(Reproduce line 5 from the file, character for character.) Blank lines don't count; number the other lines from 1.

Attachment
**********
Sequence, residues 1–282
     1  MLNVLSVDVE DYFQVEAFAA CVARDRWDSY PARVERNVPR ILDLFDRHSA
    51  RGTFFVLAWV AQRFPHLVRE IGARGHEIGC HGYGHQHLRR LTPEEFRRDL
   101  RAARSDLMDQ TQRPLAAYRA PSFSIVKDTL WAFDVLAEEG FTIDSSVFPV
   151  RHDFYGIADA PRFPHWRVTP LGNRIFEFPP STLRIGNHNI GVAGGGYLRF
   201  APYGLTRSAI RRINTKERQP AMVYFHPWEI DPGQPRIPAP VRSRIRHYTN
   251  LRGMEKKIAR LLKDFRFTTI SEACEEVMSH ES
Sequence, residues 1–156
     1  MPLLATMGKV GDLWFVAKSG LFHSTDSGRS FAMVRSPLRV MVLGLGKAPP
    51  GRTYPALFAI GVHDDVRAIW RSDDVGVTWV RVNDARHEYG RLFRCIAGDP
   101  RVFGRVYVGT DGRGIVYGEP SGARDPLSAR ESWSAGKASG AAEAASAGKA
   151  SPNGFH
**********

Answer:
   151  RHDFYGIADA PRFPHWRVTP LGNRIFEFPP STLRIGNHNI GVAGGGYLRF